Eventually, Captain Culver strolled into the middle of camp and stood on a truck bed with a megaphone.

“Listen up. Just to reiterate, Squads A through O are with Lt. Harding and me. Staff Sargent Fletcher has P through S, and they’ll be screening our right flank and forming skirmish lines there when the main body engages. T will now be helping take casualties to the field hospital, which is in Brigadier General Hughes’ encampment. Let’s give `em hell, we’re Oscar Mike in five.”

I don’t want to talk about the fighting much. The noise was the biggest thing about it – a constant crackle of small arms and the leonine booms of large ordinance. I got my concussion when a JDAM the Arcadians had rigged as a mine exploded 500 yards away from me. Your sister probably saved my life right after that. She dragged me into a foxhole while I was lying there on the frozen mud, bleeding from my ears. I saw – I saw people in Captain Culver’s company blown down like they were empty plastic bottles in a hurricane. Robert Crawford is dead. So are Arthur Nguyen, Lt. Harding, Jen Torvald, Cookie, Captain Culver, and most of the conscripts in Bainbrick’s army. We were sent in first, to soak up enemy ammunition. And someone in the field hospital told me that the assault is continuing tomorrow.

Asiah, I want to come home. I can’t do this anymore. I want to go home.

 

Conscript-Private J.P. Melville.

 

~-~

 

Olivia Saleh

Arcadia

Los Angeles

 

[Excerpt from The Saleh Tapes, a series of audio recordings of conversations between Arcadian Deputy War Minister Olivia Saleh and Arcadian Internal Affairs Minister, Dr. Kent Wentworth.. July 17, 2036.]

 

Dr. Wentworth: Sorry about the wait, Olivia, please come in.

 

Olivia Saleh: What’s going on? You look like you were up all night.

 

Dr. Wentworth: I got a call at four this morning. Apparently there was a fire in the Boulder command center late last night, and my people are crying arson. One of my agents up there, Charles Mackey, was just found stabbed to death and stuffed into a locker.

 

Olivia Saleh: Ugh. I’m sorry to hear that, doc. We’ve been dealing with that particular headache this morning too. You know the gas stockpiles were all destroyed? It had to have been Commonwealth agents. Bastards.

 

Dr. Wentworth: I know the War Department does mail screenings – has there been anything odd there, any red flags?

 

Olivia Saleh: I’ll let IA know if anything comes up. They’re overworked and understaffed, so it could be a while.

 

Dr. Wentworth: Well, on a happier note, your career has really been in the spotlight recently. My people tell me you’ve been going to the AA meetings, and I had a chance to catch your speech the other night. My wife and I thought it was really good stuff, really inspiring.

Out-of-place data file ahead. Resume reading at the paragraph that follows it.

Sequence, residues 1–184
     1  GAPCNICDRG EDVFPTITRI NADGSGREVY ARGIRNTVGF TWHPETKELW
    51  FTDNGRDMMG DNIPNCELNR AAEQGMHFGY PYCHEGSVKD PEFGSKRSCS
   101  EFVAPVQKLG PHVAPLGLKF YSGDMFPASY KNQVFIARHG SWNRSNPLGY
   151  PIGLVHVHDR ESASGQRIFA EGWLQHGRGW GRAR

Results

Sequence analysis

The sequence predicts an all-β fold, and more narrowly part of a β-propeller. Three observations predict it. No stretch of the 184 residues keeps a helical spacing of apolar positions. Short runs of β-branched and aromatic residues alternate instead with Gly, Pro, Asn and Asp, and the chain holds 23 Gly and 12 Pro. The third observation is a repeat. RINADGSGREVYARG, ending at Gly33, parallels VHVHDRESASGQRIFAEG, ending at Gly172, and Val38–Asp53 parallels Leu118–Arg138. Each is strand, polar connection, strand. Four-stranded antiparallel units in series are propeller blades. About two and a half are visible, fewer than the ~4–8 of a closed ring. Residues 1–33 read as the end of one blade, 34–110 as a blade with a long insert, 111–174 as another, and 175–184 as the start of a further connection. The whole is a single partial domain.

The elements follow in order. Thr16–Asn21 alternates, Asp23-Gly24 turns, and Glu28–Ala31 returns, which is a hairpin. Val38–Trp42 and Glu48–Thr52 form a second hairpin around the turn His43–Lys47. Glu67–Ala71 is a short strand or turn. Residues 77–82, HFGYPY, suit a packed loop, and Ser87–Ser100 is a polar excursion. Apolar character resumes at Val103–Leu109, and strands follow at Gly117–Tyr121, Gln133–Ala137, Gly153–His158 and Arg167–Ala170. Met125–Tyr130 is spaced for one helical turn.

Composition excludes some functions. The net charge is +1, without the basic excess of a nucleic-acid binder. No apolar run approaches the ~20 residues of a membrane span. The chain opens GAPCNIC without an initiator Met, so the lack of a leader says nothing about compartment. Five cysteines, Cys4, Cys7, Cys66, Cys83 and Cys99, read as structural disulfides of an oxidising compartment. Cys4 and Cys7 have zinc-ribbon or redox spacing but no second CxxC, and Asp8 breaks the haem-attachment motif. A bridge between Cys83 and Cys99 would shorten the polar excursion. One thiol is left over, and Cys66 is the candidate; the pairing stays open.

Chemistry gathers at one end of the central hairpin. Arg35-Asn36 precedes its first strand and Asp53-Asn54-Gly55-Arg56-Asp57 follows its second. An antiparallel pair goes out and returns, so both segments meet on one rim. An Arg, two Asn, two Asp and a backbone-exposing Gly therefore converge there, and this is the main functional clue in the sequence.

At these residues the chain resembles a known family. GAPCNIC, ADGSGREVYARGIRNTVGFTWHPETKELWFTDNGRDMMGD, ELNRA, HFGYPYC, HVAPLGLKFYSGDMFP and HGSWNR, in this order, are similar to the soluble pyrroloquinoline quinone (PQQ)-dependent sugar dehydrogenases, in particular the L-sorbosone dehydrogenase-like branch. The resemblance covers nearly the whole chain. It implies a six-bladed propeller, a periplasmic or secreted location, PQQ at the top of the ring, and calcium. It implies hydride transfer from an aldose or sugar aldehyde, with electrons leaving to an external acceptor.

Olivia Saleh: My speechwriters really cooked up a killer. The members of the Emergency Council got to clap each other on the back, the public got it’s dose of nationalism, and I even got to shake the Interim President’s hand after the speech was over. It was fucking fantastic.

 

Dr. Wentworth: You sound bitter.

 

Olivia Saleh: Hah. Did you know that the Council spent a quarter of a million dollars on the reception we had after that speech? There are thousands of people starving to death in the refugee camps outside LA right now. How’s that for hypocritical, huh?

 

Dr. Wentworth: That sounds an awful lot like anti-government sentiment, you know.

 

Olivia Saleh: You know, Kent, I really don’t understand you at all. One minute you seem almost human, and the next it’s back to the mind games. What do you want from me, my life story? Is this your twisted idea of work flirting? What’s wrong with you?

 

Dr. Wentworth: It’s my job, Olivia. Maybe if there had been someone playing some “mind games” with the staff at Boulder, we could have caught this Commonwealth cur before they could do any damage. I just want to make sure that you’re truly loyal to the Emergency Cou-

 

Olivia Saleh: The Council can shove –

 

Dr. Wentworth: Loyal to Arcadia, I mean.

 

Olivia Saleh: As long as there’s a Commonwealth soldier still alive, I’ll rip him apart with my bare fucking hands. That work for you, doc?

 

~-~

 

Maya Cooper

Arcadia

Mile High Airbase, Colorado

 

George Smiley                                                                                     July 16, 2036

Chase Tower, 201 N Central Ave,

Phoenix, AZ 85004

Arcadia

 

Father,